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JD95 Aous River (198 BC) Print E-mail
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Written by Jim Duncan   

03

Dec

2010

AOUS RIVER - 198 BC

Macedonian vs Roman

Historical Background
King Philip V of Macedonia had allied with Carthage against Rome during the 2nd Punic war and he was granted the beneficial peace of Phoenice in 205 BC to get him out of the war. After the war, Rome was eager for revenge, and to clip the wings of Macedon. Rome was therefore open to complaints about Philip from the Greeks and Attalus of Pergamum. Rome used the non co-operation of Philip in these matters as a pretext for war, which broke out in 200 BC.
Rome initially appointed Sulpicius Galba, and then Villius Tappulus, but neither men were able to shift the Macedonians from their entrenched positions in the Mountains of Epirus and NW Macedonia. For the Campaigning season of 198 BC Rome appointed the young and energetic Quinctius Flamininus, who kept Villius on as an advisor. Flamininus however had the same problems as his predecessors as the Macedonians were almost impossible to shift out of the narrow mountain passes. If he took another route into Macedon his supply lines to the coast could easily be interdicted, leaving him stranded in a region with little in the way of foragable resources. Flamininus approached the Macedonians under Philip at a narrow gorge where mountains on either side of the deep and fast flowing river Aous dropped precipitously down to the water. Philip posted his light troops, auxiliaries and war machines on the flanking heights while concentrating his phalanx to block the narrow pass up the gorge. 40 days of stalemate and negotiation ensued until Flamininus finally got his lucky break. A local shepherd revealed to him a concealed path leading to a position above and behind the Macedonians. Flamininus dispatched 4,300 men, commaned by a Tribune, on nightime marches along the secret path while he skirmished with the Macedonians to distract their attention. On the 3rd day when Flamininus expected the arrival of his flanking force he committed his army to a full scale assault. He led a thrust up the centre of the valley with supporting attacks on his flanks. The Romans, many of them veterans of the 2nd Punic War, struggled to make hedway whilst all the while being showered by arrows, javelins and boulders from the heights around them. Suddenley a smoke signal from above herelded the timely arrival of his ambush, and seeing themselves in danger of encirclement, the Macedonians turned and fled leaving 2,000 dead and their baggage behind.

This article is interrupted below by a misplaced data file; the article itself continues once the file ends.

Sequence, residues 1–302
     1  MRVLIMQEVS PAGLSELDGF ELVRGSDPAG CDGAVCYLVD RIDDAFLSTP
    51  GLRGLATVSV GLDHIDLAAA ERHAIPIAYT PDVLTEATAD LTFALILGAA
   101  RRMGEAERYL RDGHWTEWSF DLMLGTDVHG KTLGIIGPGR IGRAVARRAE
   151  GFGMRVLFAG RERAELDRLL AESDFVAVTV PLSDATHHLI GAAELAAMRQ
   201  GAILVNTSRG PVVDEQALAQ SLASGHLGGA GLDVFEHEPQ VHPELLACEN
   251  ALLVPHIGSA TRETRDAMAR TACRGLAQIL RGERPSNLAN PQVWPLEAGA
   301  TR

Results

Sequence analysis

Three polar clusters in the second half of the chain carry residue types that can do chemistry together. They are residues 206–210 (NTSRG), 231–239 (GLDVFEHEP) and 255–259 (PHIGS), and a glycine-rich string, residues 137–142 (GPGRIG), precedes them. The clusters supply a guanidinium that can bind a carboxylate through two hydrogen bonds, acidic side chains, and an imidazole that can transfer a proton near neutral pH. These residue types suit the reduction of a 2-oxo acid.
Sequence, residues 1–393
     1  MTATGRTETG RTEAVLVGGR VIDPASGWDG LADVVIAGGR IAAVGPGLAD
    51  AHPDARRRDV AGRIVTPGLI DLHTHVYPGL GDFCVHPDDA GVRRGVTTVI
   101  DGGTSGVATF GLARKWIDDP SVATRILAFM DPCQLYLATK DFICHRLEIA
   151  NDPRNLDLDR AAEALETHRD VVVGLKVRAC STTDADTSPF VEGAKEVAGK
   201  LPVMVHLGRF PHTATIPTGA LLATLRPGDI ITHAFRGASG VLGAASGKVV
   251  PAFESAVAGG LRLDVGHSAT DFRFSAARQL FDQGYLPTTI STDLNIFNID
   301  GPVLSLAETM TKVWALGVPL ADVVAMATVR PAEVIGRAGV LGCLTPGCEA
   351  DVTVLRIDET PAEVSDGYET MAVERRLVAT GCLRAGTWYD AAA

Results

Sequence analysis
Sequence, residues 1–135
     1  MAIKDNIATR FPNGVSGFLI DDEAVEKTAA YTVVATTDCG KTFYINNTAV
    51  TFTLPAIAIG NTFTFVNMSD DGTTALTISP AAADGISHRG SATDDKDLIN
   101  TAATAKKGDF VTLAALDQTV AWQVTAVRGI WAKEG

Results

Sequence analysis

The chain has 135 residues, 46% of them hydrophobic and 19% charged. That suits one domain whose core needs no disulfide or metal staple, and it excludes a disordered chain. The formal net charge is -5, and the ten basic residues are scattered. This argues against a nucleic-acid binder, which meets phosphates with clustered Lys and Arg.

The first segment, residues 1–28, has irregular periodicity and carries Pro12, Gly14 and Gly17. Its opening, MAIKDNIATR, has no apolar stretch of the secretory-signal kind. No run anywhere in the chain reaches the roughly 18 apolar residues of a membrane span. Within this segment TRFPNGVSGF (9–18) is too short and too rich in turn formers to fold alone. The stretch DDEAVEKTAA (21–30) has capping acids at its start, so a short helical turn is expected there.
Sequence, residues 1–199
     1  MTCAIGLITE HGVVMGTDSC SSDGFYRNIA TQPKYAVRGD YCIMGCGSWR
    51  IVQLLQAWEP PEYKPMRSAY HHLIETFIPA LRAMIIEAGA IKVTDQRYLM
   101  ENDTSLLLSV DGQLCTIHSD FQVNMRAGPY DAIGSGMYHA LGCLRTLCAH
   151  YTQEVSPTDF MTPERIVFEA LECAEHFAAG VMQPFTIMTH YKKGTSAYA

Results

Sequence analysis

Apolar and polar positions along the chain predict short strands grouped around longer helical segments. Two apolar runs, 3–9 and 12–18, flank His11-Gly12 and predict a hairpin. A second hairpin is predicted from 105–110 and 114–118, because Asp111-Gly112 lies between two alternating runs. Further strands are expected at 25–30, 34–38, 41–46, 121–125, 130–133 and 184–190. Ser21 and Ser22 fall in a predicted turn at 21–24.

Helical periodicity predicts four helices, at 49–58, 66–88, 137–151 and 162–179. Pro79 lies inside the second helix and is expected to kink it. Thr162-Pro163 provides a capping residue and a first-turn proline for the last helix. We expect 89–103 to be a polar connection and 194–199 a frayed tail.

(Terrain and dispositions based on the article "The Opening Campaigns and the Battle of Aoi Stena in the Second Macedonian War" by N. G. L. Hammond from The Journal of Roman Studies, Vol 56, Parts 1 and 2 (1966).)
The stage is set. The battle lines are drawn and you are in command. Can you change history?

War Council

Macedonian Army
Leader: King Philip V
Take 5 Command cards

Roman Army
Leader: Titus Quinctius Flamininus
Take 5 Command cards
Move first

Victory
6 Banners

Special Rules
The river is not fordable.

Broken ground represents steep slopes and crags and is impassable. It does not block line of sight.

The Roman player gains a victory banner while one of his/her units occupies the camp hex.

The 3 Roman units adjacent and attached to the Tribune may not be ordered or attacked until they are activated. At the very start of every Roman turn, that player rolls a combat dice. If the result is a leader the 3 units and leader are now activated and the Roman player receives a victory banner. This simulates that Flamininus was not not sure exactly when the outflanking Romans would arrive and the Macedonian shock when they did.

Roman Tactical Flexibility - An unsupported Macedonian heavy infantry unit may only battle back against a Roman medium or heavy infantry unit with 3 battle dice.

 
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Other battles in Second Macedonian War (200-196 BC)

AC25 Aous (198 BC)
120 Cynoscephalae (197 BC)
X01 Cynoscephalae (197 BC)